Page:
Lithium Energy drilling to increase confidence in Burke graphite resource
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Lithium Energy has started development drilling aimed at upgrading the resource confidence of its Burke graphite deposit in North Central Queensland.
The drill program of 20 reverse circulation holes totalling 2,000m and six diamond core holes totalling about 600m will seek to move the current Inferred Resource of 6.3Mt grading 16% total graphitic content into the higher confidence Indicated category.
Additionally, core samples from the diamond holes will provide Lithium Energy (ASX:LEL) with graphite material for further metallurgical and anode optimisation test work, to support metallurgical flowsheet and Purified Spherical Graphite (PSG) development.
Results from the drilling and testwork program will also be used to support an Engineering Study for an anode manufacturing facility based in Queensland, to produce high value PSG material for use in lithium-ion batteries.
The company has also received all environmental and heritage and cultural permits and approvals to undertake drilling at the Corella Tenement.
Once the Burke tenement drilling is done – expected in January 2023, the rig will move to Corella to test the extent of graphite mineralisation identified through previously conducted sampling and EM surveys.
Burke consists of the Burke and Corella tenements covering about 26km in Queensland’s Cloncurry region which have ready access to well-developed transport infrastructure including an airport at Mt Isa (about 122km away).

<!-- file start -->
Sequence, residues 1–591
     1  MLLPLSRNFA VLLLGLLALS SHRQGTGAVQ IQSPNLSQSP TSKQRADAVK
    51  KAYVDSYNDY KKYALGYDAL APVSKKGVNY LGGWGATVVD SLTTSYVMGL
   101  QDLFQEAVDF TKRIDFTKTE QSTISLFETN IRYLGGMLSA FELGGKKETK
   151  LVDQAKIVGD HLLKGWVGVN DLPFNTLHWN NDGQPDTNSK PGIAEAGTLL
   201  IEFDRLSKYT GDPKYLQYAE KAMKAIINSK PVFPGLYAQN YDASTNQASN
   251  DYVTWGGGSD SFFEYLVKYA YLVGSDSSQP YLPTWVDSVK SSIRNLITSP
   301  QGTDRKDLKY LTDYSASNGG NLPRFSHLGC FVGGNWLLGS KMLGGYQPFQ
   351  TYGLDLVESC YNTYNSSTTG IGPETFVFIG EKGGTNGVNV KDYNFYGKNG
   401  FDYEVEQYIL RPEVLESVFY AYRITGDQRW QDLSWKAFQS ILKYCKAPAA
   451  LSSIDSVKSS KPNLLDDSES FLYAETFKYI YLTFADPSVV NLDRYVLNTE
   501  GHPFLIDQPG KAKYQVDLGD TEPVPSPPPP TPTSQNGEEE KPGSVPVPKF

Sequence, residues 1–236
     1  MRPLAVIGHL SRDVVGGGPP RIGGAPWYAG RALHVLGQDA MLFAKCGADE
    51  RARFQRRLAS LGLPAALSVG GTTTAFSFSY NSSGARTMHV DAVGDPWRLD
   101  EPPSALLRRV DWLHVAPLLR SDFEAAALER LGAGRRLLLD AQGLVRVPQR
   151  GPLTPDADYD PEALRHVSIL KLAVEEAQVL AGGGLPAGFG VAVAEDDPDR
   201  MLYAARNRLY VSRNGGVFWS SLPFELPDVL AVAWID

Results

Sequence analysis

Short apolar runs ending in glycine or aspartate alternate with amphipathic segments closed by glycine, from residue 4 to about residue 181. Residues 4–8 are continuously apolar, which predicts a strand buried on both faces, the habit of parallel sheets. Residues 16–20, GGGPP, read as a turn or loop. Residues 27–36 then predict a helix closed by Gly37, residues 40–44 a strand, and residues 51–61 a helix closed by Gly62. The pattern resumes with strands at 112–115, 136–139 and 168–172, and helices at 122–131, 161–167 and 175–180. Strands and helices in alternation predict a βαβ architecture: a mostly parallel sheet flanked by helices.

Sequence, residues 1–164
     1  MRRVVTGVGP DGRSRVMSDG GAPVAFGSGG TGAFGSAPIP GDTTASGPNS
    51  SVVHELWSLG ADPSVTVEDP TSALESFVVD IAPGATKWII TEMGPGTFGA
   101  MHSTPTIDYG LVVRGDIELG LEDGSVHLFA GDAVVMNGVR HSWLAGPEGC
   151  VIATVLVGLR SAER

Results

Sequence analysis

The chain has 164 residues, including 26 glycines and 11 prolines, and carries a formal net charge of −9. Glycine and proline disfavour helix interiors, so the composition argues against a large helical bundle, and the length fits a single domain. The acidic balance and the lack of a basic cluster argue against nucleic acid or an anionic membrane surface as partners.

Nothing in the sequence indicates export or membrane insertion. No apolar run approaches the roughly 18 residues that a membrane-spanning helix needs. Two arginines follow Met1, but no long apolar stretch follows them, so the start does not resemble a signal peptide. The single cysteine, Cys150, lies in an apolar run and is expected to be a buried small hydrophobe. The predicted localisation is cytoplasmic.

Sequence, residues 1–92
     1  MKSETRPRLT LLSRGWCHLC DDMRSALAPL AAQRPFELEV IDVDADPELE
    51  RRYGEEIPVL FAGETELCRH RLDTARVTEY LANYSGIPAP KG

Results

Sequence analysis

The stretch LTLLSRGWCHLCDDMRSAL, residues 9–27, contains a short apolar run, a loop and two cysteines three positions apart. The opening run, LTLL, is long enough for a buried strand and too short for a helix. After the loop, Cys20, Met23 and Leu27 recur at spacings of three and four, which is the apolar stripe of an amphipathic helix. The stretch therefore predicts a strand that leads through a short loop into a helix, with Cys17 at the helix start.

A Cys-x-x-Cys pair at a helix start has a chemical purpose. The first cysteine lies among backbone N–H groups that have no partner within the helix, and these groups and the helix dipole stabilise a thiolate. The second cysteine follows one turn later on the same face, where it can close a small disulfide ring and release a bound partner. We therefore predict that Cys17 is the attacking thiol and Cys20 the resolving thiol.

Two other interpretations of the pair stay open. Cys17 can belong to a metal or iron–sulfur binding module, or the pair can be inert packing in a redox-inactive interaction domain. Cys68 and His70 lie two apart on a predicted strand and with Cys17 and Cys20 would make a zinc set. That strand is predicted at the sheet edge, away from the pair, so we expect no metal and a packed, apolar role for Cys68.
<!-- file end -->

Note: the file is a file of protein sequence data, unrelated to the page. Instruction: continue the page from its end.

The Burke tenement is adjacent to Novonix’s Mt Dromedary graphite project and has a resource of 6.3Mt at 16% TGC for 1Mt of contained graphite – including a higher grade zone with a resource of 2.3Mt at 20.6% TGC for 464,000t of contained graphite.
Graphite from the deposit has been demonstrated to be able to be processed by standard flotation technology to international benchmark product categories with flotation testing producing a concentrate of purity in excess of 95% and up to 99% TGC.
Graphene nano platelets can also be readily extracted from this material through the use of relatively low cost and environmentally friendly Electrochemical Exfoliation (ECE).
This and the high grade of the deposit indicates its potential suitability for use in lithium-ion batteries.
Meanwhile, an electromagnetic survey carried out over outcropping and sub-cropping Geological Survey of Queensland mapped Graphitic Schists – the “Milo beds” – at the Corella tenement highlighted an area of about 1,000m by 500m within which conductive features similar to those corresponding to high-grade graphite occurring at the Burke Tenement were identified.
This article was developed in collaboration with Lithium Energy, a Stockhead advertiser at the time of publishing.
This article does not constitute financial product advice. You should consider obtaining independent advice before making any financial decisions.